Cryptocurrencies Could Join Mainstream Portfolios Amid Regulatory Clarity, Franklin Templeton Predicts

Share Story

Cryptocurrencies could soon become conventional parts of investors’ portfolios, provided the regulatory landscape in the U.S. becomes clear, according to asset management giant Franklin Templeton, which oversees over $1.4 trillion in assets.

Currently, investors have the option to purchase cryptocurrencies directly, but the avenues for incorporating these digital assets into traditional portfolios remain limited, noted Sandy Kaul, head of digital asset and industry advisory services at Franklin Templeton.

Earlier this month, BlackRock, the world’s largest asset manager, led the charge by filing an application for a Bitcoin-backed exchange-traded fund (ETF) with the U.S. Securities and Exchange Commission (SEC). Following BlackRock’s initiative, several other firms, including Invesco, WisdomTree, Valkyrie, and Bitwise, also applied to issue similar products.

While the SEC has previously given the nod to Bitcoin futures-based ETFs, it has yet to greenlight any ETF directly backed by Bitcoin. If a spot Bitcoin ETF gets approval, Kaul believes it could provide a new avenue for digital currencies to enter traditional portfolios, thereby offering a new asset class for diversification.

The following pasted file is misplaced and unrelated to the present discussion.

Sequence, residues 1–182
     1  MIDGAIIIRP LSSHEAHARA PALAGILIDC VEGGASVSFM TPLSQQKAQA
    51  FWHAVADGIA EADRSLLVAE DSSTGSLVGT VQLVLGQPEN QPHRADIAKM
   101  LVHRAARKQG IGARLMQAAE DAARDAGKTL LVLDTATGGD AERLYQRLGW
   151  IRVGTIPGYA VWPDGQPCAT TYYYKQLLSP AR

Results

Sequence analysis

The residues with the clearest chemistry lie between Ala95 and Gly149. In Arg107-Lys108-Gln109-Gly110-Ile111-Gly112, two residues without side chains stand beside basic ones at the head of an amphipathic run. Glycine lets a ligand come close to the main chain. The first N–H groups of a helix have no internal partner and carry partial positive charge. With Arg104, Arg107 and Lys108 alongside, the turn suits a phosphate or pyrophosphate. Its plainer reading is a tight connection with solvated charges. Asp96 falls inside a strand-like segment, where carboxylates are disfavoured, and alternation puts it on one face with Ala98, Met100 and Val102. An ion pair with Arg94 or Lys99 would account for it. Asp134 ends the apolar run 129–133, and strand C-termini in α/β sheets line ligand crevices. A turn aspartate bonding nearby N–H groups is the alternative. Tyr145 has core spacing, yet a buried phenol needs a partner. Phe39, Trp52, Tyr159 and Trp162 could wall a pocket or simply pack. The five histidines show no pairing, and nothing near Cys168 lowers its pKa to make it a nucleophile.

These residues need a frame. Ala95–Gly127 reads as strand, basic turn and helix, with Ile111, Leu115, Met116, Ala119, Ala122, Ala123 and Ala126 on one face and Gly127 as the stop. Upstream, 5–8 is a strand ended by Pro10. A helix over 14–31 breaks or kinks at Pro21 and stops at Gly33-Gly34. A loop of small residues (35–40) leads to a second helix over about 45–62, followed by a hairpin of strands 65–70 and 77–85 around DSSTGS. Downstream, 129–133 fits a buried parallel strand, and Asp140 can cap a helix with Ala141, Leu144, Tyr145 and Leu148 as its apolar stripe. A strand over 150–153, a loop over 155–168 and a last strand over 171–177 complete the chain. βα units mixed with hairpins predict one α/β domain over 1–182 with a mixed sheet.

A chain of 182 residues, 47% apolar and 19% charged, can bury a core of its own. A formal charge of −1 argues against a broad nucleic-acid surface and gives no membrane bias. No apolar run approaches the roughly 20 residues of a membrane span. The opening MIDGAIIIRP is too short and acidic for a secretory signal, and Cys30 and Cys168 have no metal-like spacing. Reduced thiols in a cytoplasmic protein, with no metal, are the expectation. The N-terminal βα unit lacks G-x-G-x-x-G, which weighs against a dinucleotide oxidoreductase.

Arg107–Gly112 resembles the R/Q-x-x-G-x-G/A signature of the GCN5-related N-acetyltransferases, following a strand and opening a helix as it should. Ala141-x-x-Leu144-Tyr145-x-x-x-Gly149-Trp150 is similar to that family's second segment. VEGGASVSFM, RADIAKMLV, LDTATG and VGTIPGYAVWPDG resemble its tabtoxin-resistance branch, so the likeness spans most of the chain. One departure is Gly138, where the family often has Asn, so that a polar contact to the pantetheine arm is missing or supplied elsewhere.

Kaul is anticipating increased regulatory clarity from U.S. authorities. While some regulators argue that existing laws suffice for cryptocurrencies, Kaul notes the lack of guidelines on how to apply these laws creates ambiguity, causing many to question if the current regulations are indeed adequate.

If the SEC can shed light on which cryptocurrencies can be registered as U.S. securities, it could pave the way for their inclusion in broader portfolios. “If you think of Ethereum as a software development platform, we could then put Ethereum in a portfolio with traditional companies that are also engaged in software development. We can then put them into the sector funds where they best fit, and we can compare their growth in their market share against other companies in that sector,” Kaul elaborated.

Moreover, Franklin Templeton’s OnChain U.S. Government Money Fund, which records shares on a blockchain, has witnessed an uptick in client interest. The fund’s assets under management totaled more than $290 million at the end of May. Kaul stated that the original intent was to leverage the operational efficiencies of blockchains. But following a series of interest rate hikes by the Federal Reserve, the fund has seen a surge in interest.

The fund’s seven-day effective yield rose to 5% on Monday, a significant leap from the 0.15% on March 31, 2022, due to the Fed raising its target funds rates to the range of 5% to 5.25% from 0% to 0.25% in March, 2022.

Amid regulatory scrutiny of crypto exchanges like Binance and Coinbase, speculation has risen about whether U.S. regulators are favoring established Wall Street firms at the expense of crypto-centric companies. Kaul, however, dismissed these speculations, arguing that established entities benefit from pre-existing relationships with the SEC, which offer them insights into the regulatory body’s thinking, something many crypto organizations lack.


Share Article

Related Posts

This is articles having same tags as the current post.